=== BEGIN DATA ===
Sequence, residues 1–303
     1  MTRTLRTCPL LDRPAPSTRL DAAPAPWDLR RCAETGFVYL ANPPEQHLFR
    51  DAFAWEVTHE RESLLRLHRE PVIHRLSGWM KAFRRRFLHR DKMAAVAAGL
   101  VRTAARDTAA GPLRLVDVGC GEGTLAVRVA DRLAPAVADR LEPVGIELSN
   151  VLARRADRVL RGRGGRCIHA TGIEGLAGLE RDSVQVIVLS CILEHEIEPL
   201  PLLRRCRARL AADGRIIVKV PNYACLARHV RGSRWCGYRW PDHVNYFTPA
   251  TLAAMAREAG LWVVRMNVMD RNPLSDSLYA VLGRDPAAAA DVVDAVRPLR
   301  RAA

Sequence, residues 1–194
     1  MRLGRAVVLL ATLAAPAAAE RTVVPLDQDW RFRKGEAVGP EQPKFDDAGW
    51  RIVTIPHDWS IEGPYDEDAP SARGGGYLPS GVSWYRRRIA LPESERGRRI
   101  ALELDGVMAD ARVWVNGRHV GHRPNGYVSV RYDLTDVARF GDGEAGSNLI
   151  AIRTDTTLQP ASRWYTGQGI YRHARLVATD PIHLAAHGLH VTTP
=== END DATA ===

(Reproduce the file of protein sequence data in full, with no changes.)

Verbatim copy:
Sequence, residues 1–303
     1  MTRTLRTCPL LDRPAPSTRL DAAPAPWDLR RCAETGFVYL ANPPEQHLFR
    51  DAFAWEVTHE RESLLRLHRE PVIHRLSGWM KAFRRRFLHR DKMAAVAAGL
   101  VRTAARDTAA GPLRLVDVGC GEGTLAVRVA DRLAPAVADR LEPVGIELSN
   151  VLARRADRVL RGRGGRCIHA TGIEGLAGLE RDSVQVIVLS CILEHEIEPL
   201  PLLRRCRARL AADGRIIVKV PNYACLARHV RGSRWCGYRW PDHVNYFTPA
   251  TLAAMAREAG LWVVRMNVMD RNPLSDSLYA VLGRDPAAAA DVVDAVRPLR
   301  RAA

Sequence, residues 1–194
     1  MRLGRAVVLL ATLAAPAAAE RTVVPLDQDW RFRKGEAVGP EQPKFDDAGW
    51  RIVTIPHDWS IEGPYDEDAP SARGGGYLPS GVSWYRRRIA LPESERGRRI
   101  ALELDGVMAD ARVWVNGRHV GHRPNGYVSV RYDLTDVARF GDGEAGSNLI
   151  AIRTDTTLQP ASRWYTGQGI YRHARLVATD PIHLAAHGLH VTTP